How To Install VnStat Network Monitoring on CentOS 7

Install VnStat Network Monitoring on CentOS 7

In this tutorial, we will show you how to install and configuration of VnStat network monitoring on your CentOS 7. For those of you who didn’t know, VnStat is a console-based network traffic monitoring tool designed for Linux and BSD. It allows the users to maintain a log of network traffic for the selected interfaces. In this Vnstat tool, the interface bandwidth will reduce automatically.

This article assumes you have at least basic knowledge of Linux, know how to use the shell, and most importantly, you host your site on your own VPS. The installation is quite simple and assumes you are running in the root account, if not you may need to add ‘sudo‘ to the commands to get root privileges. I will show you the step-by-step installation VnStat network monitoring tool on a CentOS 7 server.


  • A server running one of the following operating systems: CentOS 7.
  • It’s recommended that you use a fresh OS install to prevent any potential issues.
  • SSH access to the server (or just open Terminal if you’re on a desktop).
  • A non-root sudo user or access to the root user. We recommend acting as a non-root sudo user, however, as you can harm your system if you’re not careful when acting as the root.

VnStat Features

  • Multiple output options.
  • Generate png graphic output.
  • Consumes lite portion of system resources.
  • Monitor multiple network interfaces at the same time.
  • Sort the data by month, week, hour, and day.
  • Low CPU usage.

Install VnStat Network Monitoring on CentOS 7

Step 1. First, you will need to enable the EPEL repositories package for your version of Linux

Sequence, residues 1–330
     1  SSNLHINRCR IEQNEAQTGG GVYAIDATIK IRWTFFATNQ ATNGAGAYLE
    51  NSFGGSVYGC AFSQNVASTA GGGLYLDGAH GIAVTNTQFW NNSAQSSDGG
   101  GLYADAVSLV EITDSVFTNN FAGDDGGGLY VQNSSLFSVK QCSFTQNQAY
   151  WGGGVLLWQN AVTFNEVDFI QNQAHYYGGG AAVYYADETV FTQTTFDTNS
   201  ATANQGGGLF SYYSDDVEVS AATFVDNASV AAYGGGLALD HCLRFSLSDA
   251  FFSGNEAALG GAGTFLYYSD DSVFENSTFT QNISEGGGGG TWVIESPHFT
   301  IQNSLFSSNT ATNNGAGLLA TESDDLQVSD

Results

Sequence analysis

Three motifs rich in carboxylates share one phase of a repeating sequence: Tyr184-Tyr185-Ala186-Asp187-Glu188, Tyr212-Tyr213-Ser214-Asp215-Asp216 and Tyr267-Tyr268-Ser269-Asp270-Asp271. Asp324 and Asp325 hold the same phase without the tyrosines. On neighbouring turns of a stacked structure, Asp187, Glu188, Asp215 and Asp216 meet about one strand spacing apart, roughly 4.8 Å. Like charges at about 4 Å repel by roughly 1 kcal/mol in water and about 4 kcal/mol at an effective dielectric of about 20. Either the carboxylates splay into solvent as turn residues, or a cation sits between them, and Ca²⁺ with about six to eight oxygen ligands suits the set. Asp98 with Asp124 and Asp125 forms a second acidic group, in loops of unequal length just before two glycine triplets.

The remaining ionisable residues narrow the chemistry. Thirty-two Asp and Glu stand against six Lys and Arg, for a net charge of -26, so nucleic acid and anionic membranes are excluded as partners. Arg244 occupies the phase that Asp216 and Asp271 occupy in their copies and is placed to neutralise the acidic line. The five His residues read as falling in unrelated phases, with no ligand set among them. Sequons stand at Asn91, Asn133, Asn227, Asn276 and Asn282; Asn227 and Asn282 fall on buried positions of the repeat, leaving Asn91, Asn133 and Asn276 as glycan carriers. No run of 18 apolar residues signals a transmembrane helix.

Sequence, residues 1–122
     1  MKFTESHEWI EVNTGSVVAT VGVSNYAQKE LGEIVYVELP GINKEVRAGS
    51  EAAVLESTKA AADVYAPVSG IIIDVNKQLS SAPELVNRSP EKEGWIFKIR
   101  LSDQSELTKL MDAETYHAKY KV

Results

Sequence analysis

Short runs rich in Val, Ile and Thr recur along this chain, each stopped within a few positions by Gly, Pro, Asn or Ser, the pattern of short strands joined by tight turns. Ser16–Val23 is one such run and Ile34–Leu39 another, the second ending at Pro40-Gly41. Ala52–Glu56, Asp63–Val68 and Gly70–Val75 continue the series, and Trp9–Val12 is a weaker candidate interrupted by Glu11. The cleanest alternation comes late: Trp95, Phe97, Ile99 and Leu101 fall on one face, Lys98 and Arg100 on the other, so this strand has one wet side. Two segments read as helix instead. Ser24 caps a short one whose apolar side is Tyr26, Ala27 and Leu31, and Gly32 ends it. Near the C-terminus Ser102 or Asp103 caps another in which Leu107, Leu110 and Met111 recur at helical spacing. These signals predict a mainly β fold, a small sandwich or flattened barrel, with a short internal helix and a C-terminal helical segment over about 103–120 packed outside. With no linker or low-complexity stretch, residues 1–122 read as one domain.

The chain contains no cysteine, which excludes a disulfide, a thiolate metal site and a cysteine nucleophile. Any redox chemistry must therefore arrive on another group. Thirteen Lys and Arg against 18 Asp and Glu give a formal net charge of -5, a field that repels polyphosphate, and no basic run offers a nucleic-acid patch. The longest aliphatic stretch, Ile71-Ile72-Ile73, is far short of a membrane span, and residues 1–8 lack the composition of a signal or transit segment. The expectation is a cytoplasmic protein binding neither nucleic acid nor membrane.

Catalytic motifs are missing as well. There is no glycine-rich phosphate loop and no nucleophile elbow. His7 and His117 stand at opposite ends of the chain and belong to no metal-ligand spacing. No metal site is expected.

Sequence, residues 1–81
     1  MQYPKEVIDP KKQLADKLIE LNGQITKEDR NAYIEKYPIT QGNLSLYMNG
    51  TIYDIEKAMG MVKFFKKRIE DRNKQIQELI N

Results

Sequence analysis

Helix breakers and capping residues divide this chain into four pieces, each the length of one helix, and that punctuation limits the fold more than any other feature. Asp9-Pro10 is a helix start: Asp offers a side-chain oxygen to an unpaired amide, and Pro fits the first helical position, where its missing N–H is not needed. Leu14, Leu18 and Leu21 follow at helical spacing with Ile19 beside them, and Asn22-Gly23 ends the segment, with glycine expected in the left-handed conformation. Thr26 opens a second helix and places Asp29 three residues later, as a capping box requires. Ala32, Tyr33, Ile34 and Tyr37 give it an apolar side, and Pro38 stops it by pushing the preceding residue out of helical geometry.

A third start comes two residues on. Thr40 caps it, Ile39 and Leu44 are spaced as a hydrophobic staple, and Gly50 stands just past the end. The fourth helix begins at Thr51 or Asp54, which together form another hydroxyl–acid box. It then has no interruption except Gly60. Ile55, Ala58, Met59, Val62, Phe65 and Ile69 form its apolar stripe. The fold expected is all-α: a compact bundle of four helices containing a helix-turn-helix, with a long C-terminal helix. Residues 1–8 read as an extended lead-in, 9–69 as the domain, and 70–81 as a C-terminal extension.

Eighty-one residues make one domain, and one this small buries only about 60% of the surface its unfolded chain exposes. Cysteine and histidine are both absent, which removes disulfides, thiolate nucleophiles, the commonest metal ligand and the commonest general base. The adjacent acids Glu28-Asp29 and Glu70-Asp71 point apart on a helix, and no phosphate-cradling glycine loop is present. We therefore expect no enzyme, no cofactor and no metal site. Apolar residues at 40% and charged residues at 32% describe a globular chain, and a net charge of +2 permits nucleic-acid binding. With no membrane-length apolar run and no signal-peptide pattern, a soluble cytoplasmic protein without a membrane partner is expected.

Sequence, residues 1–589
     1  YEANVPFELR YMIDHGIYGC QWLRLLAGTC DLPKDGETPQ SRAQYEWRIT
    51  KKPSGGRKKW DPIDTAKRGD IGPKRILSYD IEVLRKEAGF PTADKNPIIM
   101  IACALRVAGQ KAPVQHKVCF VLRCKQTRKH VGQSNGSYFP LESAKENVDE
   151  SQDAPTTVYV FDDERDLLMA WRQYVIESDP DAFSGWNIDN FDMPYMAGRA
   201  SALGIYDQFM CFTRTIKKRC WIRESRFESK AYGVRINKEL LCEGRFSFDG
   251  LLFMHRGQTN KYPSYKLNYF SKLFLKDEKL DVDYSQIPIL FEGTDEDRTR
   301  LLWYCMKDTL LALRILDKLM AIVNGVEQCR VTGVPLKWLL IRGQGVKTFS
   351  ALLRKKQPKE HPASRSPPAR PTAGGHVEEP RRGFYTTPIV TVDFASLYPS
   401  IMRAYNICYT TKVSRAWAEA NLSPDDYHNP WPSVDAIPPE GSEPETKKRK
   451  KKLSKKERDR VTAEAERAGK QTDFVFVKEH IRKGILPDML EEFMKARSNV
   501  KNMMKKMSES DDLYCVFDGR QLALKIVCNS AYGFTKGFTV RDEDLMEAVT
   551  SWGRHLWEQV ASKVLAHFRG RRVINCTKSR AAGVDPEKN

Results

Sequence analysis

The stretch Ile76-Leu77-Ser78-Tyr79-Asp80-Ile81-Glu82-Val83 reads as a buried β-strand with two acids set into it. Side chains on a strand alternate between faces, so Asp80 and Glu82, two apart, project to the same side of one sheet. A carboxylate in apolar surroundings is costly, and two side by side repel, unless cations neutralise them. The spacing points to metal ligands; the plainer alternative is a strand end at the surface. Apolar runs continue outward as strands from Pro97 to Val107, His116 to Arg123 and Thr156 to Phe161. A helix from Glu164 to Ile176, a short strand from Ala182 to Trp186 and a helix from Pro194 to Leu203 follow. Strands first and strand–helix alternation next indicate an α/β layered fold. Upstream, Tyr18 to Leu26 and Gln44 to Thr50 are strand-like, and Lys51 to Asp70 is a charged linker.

yum -y install epel-release
yum -y update

Step 2. Installing VnStat.

Use yum command-line utility to install VnStat package on your system:

yum -y install vnstat

Once installed, start and enable the Vnstat services:

systemctl start vnstat
systemctl enable vnstat
chkconfig vnstat on

Step 3. Show Statics using vnStat Command-Line.

Using VnStat command-line utility you can view statistics on bandwidth per day, per month, and per hour basis. It also provides an option to show statistics in real-time:

### Show Statistics for a day ###
vnstat -d 

### Show Statistics for a Month ###
vnstat -m

### Show Statistics for a Hour ###
vnstat -h

### Show Statistics for a Real Time ###
vnstat -l

### For more available options you can use the --help ###
vnstat --help

Step 4. Configure the vnStat PHP Web-Based Interface.

vnStat also provides a PHP-based web interface to show graphical statistics. In order to set up the vnStat web interface, it required install LAMP stack on CentOS 7.

Download vnStat PHP code using the below-given URL.

get http://www.sqweek.com/sqweek/files/vnstat_php_frontend-1.5.1.tar.gz

Extract downloaded archive in the web-accessible directory, eg: /var/www/html/:

tar xzf vnstat_php_frontend-1.5.1.tar.gz
mv vnstat_php_frontend-1.5.1 /var/www/html/

Edit the config.php file and set the following parameters:

$language = 'en';
$iface_list = array('eth0', 'sixxs');
$iface_title['eth0'] = 'Public Interface';
$vnstat_bin = '/usr/bin/vnstat';

Accessing VnStat via a web browser, open your favorite browser and navigate to http://your-domain.com/ or http://your-server-ip.

Install VnStat Network Monitoring on CentOS 7

Congratulations! You have successfully installed VnStat. Thanks for using this tutorial for installing VnStat network monitoring on CentOS 7 systems. For additional help or useful information, we recommend you check the official VnStat website.

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r00t is a seasoned Linux system administrator with a wealth of experience in the field. Known for his contributions to idroot.us, r00t has authored numerous tutorials and guides, helping users navigate the complexities of Linux systems. His expertise spans across various Linux distributions, including Ubuntu, CentOS, and Debian. r00t's work is characterized by his ability to simplify complex concepts, making Linux more accessible to users of all skill levels. His dedication to the Linux community and his commitment to sharing knowledge makes him a respected figure in the field.
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